This article originally published on GoDaddy’s OpenWeStand.org website.
Many states are loosening their stay-at-home orders and this means businesses will be opening again soon. However, many small business owners are still feeling quite nervous about the prospect of reopening, and understandably so. It’s not like COVID-19 has gone away.
In order to reopen, safety must be a top priority. If you reopen, how can you ensure the safety of yourself, your employees, and your customers? That’s precisely what we will explore here today.
Reopening the economy is not without risk. It certainly won’t be business as usual. In fact, you’ll need to implement a wide range of new policies to keep your employees and customers safe.
You’ll need to expect reduced business. And, you’ll have to do work to encourage customers to come back. Be prepared to spend time planning out your reopening process while complying with state ordinances.
Policies and procedures for keeping staff safe
As a business owner, it is your responsibility to do everything you can to keep your staff safe. Here’s how to do it:
- Secure and provide hand sanitizer and masks to your team.
- Ensure bathrooms are fully stocked with paper towels and soap.
- Encourage staff to sanitize work surfaces that customers touch often.
- Install plastic partitions. (This is a great way to minimize viral spread between staff and customers.)
- Reduce the number of staff that work at a given time. (This will mean a reduced workload capacity and output, but it may be necessary to keep everyone safe.)
- Promote social distancing. Post signage that reminds staff to stay six feet away from one another and customers at all times.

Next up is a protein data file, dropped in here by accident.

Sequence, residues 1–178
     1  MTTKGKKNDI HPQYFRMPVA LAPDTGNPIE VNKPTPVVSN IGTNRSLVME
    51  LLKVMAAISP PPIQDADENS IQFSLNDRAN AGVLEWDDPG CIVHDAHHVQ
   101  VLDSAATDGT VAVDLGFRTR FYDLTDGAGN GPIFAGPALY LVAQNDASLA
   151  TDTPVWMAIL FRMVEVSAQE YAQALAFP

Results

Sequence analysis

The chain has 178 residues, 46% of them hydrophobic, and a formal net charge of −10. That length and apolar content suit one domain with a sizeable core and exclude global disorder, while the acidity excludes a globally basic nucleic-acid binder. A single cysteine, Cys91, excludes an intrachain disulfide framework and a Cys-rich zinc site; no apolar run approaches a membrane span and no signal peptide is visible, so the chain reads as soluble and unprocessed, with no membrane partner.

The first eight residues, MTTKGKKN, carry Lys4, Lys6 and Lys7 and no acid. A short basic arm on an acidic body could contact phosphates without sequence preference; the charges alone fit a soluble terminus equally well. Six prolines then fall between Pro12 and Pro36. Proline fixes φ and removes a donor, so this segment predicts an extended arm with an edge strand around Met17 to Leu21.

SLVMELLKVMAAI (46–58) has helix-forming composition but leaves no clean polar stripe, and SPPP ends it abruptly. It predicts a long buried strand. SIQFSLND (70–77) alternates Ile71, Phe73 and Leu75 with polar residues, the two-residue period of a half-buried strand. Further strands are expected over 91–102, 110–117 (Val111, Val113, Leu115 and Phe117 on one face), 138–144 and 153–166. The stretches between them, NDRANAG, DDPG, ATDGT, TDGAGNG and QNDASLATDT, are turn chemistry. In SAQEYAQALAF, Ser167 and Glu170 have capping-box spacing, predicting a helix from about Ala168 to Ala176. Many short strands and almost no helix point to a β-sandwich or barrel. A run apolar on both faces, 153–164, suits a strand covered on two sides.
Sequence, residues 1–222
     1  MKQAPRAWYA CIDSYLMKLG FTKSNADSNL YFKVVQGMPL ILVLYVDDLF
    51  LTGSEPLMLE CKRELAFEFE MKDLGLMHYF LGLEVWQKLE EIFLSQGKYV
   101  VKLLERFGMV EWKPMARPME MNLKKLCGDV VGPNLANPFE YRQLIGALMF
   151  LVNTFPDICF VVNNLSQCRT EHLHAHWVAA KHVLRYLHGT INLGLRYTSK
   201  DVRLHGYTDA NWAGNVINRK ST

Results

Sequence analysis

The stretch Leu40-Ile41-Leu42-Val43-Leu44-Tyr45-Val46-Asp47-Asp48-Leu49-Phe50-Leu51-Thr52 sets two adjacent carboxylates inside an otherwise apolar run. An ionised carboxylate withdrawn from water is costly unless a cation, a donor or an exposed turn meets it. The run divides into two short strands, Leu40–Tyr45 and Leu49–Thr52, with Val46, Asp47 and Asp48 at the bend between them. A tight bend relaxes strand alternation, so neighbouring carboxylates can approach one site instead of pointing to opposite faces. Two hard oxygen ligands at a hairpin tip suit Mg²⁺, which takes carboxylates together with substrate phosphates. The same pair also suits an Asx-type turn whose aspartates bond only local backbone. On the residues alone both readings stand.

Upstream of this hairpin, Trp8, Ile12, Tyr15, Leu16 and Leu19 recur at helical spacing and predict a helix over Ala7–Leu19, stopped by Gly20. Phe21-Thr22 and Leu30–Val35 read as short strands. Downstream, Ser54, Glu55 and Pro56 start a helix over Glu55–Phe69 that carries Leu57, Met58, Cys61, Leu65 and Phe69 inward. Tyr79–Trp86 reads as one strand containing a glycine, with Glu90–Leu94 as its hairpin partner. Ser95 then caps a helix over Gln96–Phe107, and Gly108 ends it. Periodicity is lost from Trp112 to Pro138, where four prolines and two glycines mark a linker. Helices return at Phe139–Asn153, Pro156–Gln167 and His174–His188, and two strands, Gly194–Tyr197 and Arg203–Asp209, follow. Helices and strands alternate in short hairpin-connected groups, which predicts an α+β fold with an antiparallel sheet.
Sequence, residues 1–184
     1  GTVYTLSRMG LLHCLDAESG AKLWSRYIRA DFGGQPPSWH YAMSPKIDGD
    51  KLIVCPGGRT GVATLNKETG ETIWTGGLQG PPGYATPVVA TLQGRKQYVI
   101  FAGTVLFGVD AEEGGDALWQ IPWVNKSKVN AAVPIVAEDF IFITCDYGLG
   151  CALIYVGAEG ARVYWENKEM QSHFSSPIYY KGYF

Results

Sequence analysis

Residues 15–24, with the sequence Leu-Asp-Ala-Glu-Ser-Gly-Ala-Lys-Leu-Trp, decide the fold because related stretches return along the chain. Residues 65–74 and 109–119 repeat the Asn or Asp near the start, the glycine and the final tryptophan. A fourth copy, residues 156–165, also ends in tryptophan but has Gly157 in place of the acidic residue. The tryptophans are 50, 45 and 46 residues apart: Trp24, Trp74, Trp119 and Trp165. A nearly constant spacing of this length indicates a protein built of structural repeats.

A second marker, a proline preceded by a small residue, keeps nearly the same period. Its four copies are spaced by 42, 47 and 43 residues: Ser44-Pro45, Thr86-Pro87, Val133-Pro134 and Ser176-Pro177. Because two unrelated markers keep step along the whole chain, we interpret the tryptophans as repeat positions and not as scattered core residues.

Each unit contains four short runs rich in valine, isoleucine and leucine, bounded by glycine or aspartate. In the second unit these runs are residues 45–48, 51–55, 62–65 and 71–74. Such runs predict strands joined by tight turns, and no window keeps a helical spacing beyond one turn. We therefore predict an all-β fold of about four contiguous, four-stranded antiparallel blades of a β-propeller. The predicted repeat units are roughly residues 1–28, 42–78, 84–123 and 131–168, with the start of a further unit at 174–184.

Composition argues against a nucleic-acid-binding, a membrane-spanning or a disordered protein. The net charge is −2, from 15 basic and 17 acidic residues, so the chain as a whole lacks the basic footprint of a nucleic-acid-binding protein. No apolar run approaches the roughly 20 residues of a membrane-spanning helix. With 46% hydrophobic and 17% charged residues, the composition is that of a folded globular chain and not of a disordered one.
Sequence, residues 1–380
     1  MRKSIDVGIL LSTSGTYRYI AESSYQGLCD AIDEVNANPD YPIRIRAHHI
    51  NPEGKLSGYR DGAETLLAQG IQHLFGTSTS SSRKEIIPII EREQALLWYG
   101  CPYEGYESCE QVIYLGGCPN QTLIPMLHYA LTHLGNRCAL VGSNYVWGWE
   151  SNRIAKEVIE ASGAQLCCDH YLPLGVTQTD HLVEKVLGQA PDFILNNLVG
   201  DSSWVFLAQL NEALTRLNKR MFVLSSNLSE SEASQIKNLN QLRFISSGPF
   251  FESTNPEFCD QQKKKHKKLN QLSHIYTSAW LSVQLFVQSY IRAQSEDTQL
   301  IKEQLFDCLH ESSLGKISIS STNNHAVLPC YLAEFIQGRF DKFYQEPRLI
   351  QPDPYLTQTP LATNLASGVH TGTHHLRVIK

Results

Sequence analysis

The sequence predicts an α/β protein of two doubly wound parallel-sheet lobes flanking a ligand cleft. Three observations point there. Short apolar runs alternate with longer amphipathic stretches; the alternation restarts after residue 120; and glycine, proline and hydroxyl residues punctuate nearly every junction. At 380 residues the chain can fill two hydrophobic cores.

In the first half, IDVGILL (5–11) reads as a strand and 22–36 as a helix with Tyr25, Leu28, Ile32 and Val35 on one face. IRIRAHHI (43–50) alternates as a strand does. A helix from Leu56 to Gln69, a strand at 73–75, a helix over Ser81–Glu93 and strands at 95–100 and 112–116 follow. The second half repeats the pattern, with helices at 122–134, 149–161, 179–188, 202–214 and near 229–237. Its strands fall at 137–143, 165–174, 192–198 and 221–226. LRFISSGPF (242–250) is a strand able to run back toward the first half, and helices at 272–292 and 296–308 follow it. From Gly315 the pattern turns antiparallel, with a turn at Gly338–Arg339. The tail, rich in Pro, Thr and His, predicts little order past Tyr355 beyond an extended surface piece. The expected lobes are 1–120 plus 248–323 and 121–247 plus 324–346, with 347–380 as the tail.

Policies and procedures for keeping customers safe
To start, you’ll need to ensure that your workplace is regularly cleaned and disinfected. This may require closing earlier or opening later to ensure there’s enough time to perform these procedures. This might actually help in keeping staff and customers safe. Some other things you can do include:
- Limiting capacity in your place of business.
- Moving outdoors, if possible. If you run a restaurant, for instance, moving tables and chairs outside, placed six feet apart, can help reduce the risk to customers and staff.
- Using disposable items where possible. If you run a restaurant, you can use disposable cutlery, menus, and napkins in order to reduce cross-contamination. You can make paper-only menus so that they can be easily disposed of, or let your customers know that they can find your menu online.
- Enforcing social distancing within your establishment as much as possible.
- Requiring masks for entry. And, refusing service to those who don’t wear masks.
How to encourage return business
Customers are going to be wary to patronize your business in the beginning of reopening. And, that’s okay. These are scary times. But, you can help to calm your customers’ fears by truly serving your customers and encouraging the return of their business in a safe way. To do this, you can:
- Clearly indicate how you are protecting your customers via social media, email marketing, mailers, and signage.
- Offer coupons and discounts to entice loyal customers to come back.
- Offer curbside pickup for any type of retail business. This goes for everything from clothing stores to comic shops.
These are unprecedented times, but with a bit of planning and forethought, you can reopen your small business and keep everyone safe, too.
Check out OpenWeStand’s Resources page for more articles, advice, and strategies small businesses can use to get through these tough times.